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|کد مقاله||سال انتشار||مقاله انگلیسی||ترجمه فارسی||تعداد کلمات|
|11048||2009||13 صفحه PDF||سفارش دهید||7614 کلمه|
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Publisher : Elsevier - Science Direct (الزویر - ساینس دایرکت)
Journal : Ecological Economics, Volume 68, Issue 5, 15 March 2009, Pages 1385–1397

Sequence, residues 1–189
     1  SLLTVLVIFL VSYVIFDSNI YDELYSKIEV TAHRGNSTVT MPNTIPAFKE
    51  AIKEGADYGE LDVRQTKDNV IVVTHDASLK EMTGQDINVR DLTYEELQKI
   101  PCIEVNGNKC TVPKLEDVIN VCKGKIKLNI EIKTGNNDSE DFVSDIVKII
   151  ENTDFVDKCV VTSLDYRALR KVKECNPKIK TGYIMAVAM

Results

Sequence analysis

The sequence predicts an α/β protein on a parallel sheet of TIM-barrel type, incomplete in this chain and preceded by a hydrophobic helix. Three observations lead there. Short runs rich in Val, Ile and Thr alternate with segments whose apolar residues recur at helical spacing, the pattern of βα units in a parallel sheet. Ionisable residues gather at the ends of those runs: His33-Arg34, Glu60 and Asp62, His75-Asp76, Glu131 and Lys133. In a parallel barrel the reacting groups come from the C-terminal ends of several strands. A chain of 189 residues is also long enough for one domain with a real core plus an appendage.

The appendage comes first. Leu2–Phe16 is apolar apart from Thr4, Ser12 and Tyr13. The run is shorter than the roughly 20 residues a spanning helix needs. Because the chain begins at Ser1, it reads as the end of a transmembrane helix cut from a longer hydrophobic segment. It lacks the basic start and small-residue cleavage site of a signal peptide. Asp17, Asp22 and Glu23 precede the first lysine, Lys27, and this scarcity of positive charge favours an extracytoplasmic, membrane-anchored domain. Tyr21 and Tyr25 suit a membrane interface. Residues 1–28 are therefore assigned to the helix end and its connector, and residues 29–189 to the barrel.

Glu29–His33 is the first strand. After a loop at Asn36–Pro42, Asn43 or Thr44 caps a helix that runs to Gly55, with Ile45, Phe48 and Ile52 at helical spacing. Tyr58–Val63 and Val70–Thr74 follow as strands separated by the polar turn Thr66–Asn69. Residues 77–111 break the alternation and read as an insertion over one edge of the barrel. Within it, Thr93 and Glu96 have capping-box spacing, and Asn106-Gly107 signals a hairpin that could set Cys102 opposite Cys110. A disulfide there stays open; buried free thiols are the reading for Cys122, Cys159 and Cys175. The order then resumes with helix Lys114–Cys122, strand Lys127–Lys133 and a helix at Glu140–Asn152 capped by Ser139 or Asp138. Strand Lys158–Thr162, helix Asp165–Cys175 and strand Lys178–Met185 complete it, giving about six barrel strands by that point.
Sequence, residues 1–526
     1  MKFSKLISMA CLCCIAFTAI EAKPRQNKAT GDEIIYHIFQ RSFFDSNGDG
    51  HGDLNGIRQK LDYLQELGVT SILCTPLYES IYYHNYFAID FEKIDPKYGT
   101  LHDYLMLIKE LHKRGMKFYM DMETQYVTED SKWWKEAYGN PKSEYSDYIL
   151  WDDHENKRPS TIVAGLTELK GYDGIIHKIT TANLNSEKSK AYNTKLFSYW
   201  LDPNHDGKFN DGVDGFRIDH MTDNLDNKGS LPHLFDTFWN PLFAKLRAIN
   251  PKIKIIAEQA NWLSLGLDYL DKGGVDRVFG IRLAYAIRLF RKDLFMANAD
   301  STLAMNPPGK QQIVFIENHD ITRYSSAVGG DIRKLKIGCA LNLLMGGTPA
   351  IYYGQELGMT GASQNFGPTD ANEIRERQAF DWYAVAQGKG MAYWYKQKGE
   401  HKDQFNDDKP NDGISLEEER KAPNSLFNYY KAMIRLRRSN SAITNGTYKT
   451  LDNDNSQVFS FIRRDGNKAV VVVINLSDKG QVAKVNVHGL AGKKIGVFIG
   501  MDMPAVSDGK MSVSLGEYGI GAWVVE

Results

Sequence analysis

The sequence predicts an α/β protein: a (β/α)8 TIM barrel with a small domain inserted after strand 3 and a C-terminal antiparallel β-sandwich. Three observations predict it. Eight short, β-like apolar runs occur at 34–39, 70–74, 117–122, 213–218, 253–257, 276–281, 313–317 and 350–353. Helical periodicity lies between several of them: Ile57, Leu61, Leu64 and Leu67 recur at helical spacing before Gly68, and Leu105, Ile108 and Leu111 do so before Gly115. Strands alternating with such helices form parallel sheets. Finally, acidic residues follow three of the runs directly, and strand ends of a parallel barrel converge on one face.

We analyze growth dynamics in an economy where the well-being of economic agents depends on three goods: leisure, a free access environmental good and a private good that can be consumed as a substitute for the environmental resource. The processes of production and consumption of the private good by each agent impose negative externalities on other agents through the depletion of the environmental good. This paper shows that, in such context, the existence of private substitutes for environmental goods may fuel an undesirable economic growth process. This process is driven by the continuous increase in agents' needs for private consumption generated by the progressive reduction in free consumption of the environmental good.